The Harvard School of Engineering and Applied Sciences (“SEAS”) and the Alícia Foundation have developed a new General Education science course, “Science and Cooking: From Haute Cuisine to the Science of Soft Matter”. The class is limited to currently enrolled Harvard undergrads, but the general public will have an opportunity to attend topic-related public lectures given by the guest chefs and faculty affiliated with the course. The lectures are not a replication of the course, but will consist of a brief introduction by Harvard professors followed by a broad-based talk by the chef. The first public lecture tomorrow features Harold McGee, Ferran Adria and José Andrés, so it would be well worth a visit if you live nearby. More info on venue, times and schedule here.

[Thank’s to Matthew Pierce for the tip!]

(Too many?) New books

Friday, September 11th, 2009

books-2008

Last year’s book bonanza (Remember The Big Fat Duck Cookbook, Alinea and Under pressure right? Not to mention BakeWise, The Flavor Bible (not science, but I love their systematic approach), Cooking – The Quintessential Art, A day at el Bulli, the bilingual Sous-Vide, the German Verwegen Kochen and the Danish Molekylær gastronomi – did I miss any?) will be difficult to beat, but several interesting books will appear this fall as well. It’s as if this field is exploding with books now. When I first set up the webpages which later evolved into Khymos only a handful of books were available (you can travel back in time and view the single page from 2003 – only in Norwegian, sorry), but even I have a hard time now keeping track with all the books which cover the interesting intersection between cooking and science, aka molecular gastronomy. Sometimes I think – is this book really necessary? Do we need it? What does it add? But addicted as I am, I can’t help it – so I’ll probably get hold of most of these books as they become available :)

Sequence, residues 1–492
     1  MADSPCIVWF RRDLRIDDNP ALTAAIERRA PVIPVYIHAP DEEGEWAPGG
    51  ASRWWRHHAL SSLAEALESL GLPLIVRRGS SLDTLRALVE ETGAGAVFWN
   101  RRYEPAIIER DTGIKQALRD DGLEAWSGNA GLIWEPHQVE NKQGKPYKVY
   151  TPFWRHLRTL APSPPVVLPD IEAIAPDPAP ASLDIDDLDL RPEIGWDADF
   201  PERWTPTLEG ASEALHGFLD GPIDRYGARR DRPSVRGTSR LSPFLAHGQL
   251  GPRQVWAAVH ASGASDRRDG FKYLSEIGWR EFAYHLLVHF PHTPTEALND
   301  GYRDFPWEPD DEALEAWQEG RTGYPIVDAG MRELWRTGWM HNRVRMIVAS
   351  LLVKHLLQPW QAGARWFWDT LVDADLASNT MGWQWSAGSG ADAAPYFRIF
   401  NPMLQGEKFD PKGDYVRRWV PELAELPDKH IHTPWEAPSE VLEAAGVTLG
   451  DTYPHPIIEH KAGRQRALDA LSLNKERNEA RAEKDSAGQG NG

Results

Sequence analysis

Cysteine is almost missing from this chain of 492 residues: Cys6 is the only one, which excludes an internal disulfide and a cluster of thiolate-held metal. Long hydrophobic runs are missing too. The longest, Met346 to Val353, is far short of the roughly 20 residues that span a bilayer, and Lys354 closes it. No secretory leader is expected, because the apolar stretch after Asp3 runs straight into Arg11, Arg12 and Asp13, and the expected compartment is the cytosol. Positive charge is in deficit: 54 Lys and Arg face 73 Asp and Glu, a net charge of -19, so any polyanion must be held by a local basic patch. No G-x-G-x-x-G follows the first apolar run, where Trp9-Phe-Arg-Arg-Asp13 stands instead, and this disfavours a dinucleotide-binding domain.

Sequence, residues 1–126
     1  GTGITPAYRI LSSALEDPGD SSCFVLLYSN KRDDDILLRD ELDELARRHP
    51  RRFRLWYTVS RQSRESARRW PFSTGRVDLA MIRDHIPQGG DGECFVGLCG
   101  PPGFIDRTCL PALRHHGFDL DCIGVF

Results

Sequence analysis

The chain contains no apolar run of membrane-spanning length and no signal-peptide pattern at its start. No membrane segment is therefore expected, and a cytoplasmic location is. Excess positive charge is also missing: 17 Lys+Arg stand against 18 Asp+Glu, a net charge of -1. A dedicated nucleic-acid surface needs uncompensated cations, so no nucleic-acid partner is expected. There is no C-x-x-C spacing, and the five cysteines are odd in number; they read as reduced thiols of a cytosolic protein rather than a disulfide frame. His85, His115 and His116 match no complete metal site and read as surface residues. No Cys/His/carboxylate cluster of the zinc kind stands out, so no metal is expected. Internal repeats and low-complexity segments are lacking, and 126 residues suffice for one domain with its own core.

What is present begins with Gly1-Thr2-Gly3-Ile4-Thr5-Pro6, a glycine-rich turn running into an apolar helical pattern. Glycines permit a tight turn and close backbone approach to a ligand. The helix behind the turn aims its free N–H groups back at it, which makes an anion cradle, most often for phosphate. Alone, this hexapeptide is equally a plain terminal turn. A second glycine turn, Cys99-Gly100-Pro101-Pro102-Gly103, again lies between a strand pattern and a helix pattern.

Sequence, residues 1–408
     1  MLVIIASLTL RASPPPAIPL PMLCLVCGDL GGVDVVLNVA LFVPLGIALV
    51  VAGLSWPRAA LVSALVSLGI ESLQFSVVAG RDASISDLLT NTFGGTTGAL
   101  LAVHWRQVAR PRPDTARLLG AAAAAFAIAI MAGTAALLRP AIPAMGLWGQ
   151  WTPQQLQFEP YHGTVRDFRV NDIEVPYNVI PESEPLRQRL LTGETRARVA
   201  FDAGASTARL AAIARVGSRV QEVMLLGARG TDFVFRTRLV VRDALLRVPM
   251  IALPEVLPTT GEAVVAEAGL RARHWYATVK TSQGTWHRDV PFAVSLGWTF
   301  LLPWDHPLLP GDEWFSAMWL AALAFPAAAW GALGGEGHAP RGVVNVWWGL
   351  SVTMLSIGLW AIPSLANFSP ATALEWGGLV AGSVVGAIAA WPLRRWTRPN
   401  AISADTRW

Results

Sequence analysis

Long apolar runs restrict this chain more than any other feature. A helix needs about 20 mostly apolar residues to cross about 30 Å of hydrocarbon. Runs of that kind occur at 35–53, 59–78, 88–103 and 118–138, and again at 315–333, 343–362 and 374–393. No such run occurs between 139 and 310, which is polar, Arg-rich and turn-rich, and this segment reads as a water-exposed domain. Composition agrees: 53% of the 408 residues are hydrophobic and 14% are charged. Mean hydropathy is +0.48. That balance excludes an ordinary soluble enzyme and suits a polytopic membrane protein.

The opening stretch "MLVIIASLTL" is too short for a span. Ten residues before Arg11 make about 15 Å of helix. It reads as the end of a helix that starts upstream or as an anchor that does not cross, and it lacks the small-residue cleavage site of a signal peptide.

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Has molecular gastronomy reached the plateau of productivity?

Monday, January 26th, 2009

pipa
Loquat fruit (known as pipa in Chinese) piled up at Mercat St. Joseph in Barcelona.

Molecular gastronomy was recently chosen as word of the month (not quite sure exactly which month this was). They give the following definition:

the art and practice of cooking food using scientific methods to create new or unusual dishes

This is not the best definition I’ve seen, to be honest. Why should one limit it to new or unusual dishes? When taken to extremes this only results in gimmickery. Strangely enough there are no hits when I search for “molecular gastronomy” at www.askoxford.com, so one might wonder whether they changed their mind? Personally I feel that molecular gastronomy should strive to improve both home cooking and restaurant cooking. That’s also what I tried to convey with my 10-part series with tips for practical molecular gastronomy.

The Webster’s New Millennium dictionary has this definition:
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A Christmas wish list

Tuesday, December 16th, 2008

The avalanche of books in the food/science intersection this fall has been truly amazing. Three books in particular have showcased special restaurants: el Bulli, Alinea and The Fat Duck.
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A day at el Bulli

Thursday, July 24th, 2008

There is really no end to all the exciting books that will appear this fall! I just learnt from the molecular gastronomy mailing list that the book “A Day at el Bulli” by Ferran Adrià, Juli Soler and Albert Adrià will appear in October. The publisher let’s us know that the book

documents all the activities and processes that make up just one day of service with stunning colour and black and white photography of the kitchens, staff, creative workshop, dishes, the restaurant itself and its striking surroundings near the town of Roses, north east of Barcelona

The fact that a 600 page book covers a single day at el Bulli says a lot about how much thought they put into their cooking :)